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Independent Uk On Mika


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Mika, Shepherds Bush Empire, London

By Nick Hasted

Published: 16 May 2007

Mika's story is the sort that prodigies often look back on. His early life was a series of dislocations (his family fled war-torn Eighties Beirut, his dad was a Gulf War hostage), and his schoolboy alienation was so extreme that he temporarily lost the power to read, write or speak. Convinced that songwriting would be his salvation at the age of nine, and a Royal Opera House vocal veteran at 11, Mika's dreams came true at 23 with the massive hit "Grace Kelly".

 

A melancholy keyboard and disco beats announce him, glimpsed at first in flashing lights. Dressed all in white, Mika only stops dancing with unchoreographed casualness when braced like a sprinter at his grand piano. Months into his campaign to confirm his stardom, his energy is unrelenting. His set resembles a Seventies Top of the Pops studio, and his look and sound partially channels a host of the era's stars, from Mercury to Bolan. His debt to the decade is so huge, in fact, that it discounts any whispers of genius.

 

Mika's main offering, anyway, is his voice. Seconds into the opening "Relax, Take It Easy", he is sending it vaulting to mountainous heights. It is a frail, pretty falsetto that deliberately scrapes at harsh abrasiveness. More even than the narratives of personal freedom that pepper his songs - whether it's the gay escape of the married man in "Billy Brown", or "Big Girl (You Are Beautiful)", a theory proven by his buxom dancers - his hurling of high notes with defiant, piercing ease is his declaration of liberty.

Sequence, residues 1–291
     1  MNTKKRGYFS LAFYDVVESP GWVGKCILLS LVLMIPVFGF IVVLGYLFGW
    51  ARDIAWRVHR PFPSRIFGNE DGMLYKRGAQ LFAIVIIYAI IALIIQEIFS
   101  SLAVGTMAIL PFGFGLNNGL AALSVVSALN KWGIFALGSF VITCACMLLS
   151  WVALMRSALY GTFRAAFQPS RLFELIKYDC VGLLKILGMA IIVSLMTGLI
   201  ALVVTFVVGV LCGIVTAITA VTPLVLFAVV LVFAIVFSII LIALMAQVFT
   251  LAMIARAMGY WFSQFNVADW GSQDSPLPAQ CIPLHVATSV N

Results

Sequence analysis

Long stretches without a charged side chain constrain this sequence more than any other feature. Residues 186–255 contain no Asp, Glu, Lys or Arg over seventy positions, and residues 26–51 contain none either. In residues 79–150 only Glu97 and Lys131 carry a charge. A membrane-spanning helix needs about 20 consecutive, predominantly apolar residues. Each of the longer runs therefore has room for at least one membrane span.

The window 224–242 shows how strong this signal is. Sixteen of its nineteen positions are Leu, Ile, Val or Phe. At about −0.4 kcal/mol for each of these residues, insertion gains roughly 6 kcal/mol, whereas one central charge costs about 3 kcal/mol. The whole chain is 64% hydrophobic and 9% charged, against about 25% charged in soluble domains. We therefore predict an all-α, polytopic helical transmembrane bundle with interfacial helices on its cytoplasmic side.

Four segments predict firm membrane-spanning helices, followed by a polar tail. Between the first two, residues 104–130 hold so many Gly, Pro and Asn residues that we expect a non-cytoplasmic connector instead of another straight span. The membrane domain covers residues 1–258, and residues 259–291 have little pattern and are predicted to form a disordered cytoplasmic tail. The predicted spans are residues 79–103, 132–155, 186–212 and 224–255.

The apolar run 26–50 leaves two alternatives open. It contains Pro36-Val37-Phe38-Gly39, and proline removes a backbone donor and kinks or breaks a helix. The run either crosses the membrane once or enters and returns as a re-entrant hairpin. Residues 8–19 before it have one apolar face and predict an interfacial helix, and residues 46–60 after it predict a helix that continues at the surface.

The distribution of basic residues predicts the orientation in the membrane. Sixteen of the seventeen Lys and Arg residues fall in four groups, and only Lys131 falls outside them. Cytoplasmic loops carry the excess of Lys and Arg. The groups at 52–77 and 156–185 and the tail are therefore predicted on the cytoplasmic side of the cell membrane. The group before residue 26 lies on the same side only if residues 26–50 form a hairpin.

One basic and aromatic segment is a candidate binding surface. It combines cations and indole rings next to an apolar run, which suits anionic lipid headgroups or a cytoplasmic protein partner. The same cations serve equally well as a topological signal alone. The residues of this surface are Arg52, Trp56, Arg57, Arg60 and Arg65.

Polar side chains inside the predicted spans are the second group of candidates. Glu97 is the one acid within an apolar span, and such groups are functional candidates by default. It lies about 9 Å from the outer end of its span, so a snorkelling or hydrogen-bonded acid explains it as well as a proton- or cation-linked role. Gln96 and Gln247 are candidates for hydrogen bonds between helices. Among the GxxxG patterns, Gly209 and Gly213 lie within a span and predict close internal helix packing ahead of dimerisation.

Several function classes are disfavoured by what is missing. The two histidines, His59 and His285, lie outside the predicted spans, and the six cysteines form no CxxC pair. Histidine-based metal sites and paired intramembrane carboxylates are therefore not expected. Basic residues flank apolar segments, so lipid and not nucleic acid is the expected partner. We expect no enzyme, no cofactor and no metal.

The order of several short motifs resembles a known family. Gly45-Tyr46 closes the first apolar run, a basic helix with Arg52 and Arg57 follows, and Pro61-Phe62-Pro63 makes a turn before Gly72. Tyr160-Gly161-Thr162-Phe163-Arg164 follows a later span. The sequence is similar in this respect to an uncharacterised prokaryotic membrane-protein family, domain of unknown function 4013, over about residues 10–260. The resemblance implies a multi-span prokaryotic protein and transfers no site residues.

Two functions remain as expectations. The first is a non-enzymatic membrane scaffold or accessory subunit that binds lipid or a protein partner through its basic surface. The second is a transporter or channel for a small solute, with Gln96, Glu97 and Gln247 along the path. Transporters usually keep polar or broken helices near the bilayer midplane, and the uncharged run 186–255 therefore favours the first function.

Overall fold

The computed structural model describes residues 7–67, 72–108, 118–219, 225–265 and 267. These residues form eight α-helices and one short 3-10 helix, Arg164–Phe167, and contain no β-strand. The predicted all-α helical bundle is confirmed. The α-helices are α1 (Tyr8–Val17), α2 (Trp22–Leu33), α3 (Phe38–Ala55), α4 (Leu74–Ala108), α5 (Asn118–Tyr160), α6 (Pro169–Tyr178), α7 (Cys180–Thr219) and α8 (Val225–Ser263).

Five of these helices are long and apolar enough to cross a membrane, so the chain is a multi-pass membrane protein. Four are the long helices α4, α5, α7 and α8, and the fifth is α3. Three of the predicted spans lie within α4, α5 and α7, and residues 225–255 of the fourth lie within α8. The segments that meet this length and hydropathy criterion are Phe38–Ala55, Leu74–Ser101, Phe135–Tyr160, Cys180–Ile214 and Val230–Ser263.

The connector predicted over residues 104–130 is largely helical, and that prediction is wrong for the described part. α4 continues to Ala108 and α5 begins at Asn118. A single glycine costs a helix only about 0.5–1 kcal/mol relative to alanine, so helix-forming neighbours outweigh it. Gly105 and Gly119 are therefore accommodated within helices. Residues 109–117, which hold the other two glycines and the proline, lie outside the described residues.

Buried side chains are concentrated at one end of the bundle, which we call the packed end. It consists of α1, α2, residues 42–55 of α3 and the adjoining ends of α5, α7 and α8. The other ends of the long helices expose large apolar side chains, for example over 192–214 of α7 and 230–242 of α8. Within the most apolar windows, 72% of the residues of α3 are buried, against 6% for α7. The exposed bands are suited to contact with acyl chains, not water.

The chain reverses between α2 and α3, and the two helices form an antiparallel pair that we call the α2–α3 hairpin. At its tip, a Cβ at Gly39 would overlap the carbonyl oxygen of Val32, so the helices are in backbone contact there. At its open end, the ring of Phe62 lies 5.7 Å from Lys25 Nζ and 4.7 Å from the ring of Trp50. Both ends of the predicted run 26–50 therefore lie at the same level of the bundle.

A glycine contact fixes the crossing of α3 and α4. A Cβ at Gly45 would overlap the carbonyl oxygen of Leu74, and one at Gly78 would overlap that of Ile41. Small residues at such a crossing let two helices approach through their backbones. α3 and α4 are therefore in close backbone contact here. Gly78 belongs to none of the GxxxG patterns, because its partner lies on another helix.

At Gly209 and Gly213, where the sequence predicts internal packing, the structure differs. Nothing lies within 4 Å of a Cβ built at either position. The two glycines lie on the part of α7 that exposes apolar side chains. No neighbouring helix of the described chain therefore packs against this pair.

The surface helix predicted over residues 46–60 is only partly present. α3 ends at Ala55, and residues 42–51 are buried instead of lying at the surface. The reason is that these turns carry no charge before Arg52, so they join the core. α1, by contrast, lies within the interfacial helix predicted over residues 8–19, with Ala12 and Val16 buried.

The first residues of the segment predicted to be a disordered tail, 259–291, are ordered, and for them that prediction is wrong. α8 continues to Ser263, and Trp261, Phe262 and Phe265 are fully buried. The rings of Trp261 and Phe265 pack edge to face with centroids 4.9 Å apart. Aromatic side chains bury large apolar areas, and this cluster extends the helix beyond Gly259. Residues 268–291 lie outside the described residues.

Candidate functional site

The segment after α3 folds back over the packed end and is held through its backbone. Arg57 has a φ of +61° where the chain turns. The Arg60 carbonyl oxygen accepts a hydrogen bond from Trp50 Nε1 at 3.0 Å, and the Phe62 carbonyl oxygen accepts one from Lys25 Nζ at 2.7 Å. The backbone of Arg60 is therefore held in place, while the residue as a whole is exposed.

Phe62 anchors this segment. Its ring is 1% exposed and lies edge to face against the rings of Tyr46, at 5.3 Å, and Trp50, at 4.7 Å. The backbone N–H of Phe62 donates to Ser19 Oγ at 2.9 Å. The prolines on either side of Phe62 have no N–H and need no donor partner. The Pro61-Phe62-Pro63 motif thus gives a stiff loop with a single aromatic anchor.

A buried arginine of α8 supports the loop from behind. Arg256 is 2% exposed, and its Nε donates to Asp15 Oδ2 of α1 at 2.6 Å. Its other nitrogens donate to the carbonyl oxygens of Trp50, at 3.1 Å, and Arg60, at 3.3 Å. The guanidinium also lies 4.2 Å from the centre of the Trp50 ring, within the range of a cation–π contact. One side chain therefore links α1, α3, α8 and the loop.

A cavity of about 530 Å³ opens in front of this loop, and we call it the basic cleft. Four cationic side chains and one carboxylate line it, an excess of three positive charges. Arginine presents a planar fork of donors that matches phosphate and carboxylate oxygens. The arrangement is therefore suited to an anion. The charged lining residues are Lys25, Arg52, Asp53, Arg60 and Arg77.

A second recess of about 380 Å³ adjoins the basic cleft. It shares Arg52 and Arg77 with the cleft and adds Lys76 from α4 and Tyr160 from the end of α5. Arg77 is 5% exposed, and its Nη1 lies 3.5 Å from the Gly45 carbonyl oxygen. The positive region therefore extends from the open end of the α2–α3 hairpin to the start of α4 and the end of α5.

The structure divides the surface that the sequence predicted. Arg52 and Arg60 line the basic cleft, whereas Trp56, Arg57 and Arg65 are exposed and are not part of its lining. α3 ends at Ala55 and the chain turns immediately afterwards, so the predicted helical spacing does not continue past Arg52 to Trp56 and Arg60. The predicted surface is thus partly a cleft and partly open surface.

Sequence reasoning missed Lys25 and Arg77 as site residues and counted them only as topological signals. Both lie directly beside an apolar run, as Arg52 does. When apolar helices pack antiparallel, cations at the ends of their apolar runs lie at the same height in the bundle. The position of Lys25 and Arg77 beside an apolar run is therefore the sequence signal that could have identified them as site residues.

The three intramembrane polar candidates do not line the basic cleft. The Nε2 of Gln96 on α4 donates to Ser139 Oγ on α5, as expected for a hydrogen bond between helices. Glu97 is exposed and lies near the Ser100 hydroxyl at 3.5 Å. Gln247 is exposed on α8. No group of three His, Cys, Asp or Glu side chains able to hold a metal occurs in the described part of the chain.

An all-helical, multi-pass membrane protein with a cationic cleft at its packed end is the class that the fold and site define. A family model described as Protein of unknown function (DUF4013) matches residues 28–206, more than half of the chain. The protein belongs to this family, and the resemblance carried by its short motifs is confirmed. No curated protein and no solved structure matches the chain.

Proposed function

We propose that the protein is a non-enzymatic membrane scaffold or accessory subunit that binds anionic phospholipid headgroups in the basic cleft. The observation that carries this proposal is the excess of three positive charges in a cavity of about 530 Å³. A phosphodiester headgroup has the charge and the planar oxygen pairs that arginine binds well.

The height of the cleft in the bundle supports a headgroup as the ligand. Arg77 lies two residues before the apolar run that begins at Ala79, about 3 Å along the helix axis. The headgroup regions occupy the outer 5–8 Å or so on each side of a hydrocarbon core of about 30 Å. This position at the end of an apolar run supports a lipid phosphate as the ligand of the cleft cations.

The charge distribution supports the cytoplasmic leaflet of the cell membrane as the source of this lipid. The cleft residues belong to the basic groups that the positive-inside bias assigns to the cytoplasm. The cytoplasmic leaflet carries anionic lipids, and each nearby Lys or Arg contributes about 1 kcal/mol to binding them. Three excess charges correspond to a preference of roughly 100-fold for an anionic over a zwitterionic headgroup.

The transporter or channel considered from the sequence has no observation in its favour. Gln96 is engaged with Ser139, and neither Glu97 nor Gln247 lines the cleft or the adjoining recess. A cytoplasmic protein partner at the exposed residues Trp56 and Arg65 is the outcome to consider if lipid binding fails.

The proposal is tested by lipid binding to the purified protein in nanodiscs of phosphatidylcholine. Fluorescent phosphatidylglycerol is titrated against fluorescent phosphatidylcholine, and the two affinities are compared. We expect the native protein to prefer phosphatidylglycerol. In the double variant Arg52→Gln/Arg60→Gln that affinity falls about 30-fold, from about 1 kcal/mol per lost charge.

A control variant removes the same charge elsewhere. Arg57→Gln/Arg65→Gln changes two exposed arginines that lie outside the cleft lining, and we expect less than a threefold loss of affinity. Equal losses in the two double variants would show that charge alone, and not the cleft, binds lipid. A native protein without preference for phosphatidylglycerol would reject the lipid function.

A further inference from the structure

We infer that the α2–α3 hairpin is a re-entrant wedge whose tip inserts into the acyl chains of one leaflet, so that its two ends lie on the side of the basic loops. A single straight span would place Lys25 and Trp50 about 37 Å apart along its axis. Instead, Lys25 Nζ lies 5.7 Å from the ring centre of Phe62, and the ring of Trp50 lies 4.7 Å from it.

For a man tainted by hype, this is a personal, home-made show, with college friends brought on as backing singers, and siblings as designers. Though there is still a sense on stage of a heightened, artificial pop world, the feeling in the crowd is friendly, not fanatical. What is lacking becomes clear during his cover of the Jackson 5's first hit, "I Want You Back".

 

Choosing this song of unbridled joy is inspired. But his stiff performance suffers in comparison with the transcendence of the young Michael Jackson. Mika is prodigious in effort, not yet anything more ineffable. His is a willed, constructed pop dream, still showing the joins. Coming on in cartoon animal costumes for the closing "Lollipop" confirms its immaturity, too - and it is as fascinating as anything tonight.

 

Even "Grace Kelly", though it inevitably triggers dancing, sounds like an ordinary hit, lacking the natural wonder of, say, Gnarls Barkley's "Crazy". Mika is an honest, entertaining showbiz trooper. There's no shame, or glory, in that.

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thx, kitkat. :)

 

a bit harsh review.. I have never been a fan of jackson or jacksons 5, so I cannot make comparisons for that track.

 

he's self confessed childish person (I am also and there's nothing bad in it, if you are aware it's a part of you and you are not driven exclusively by that).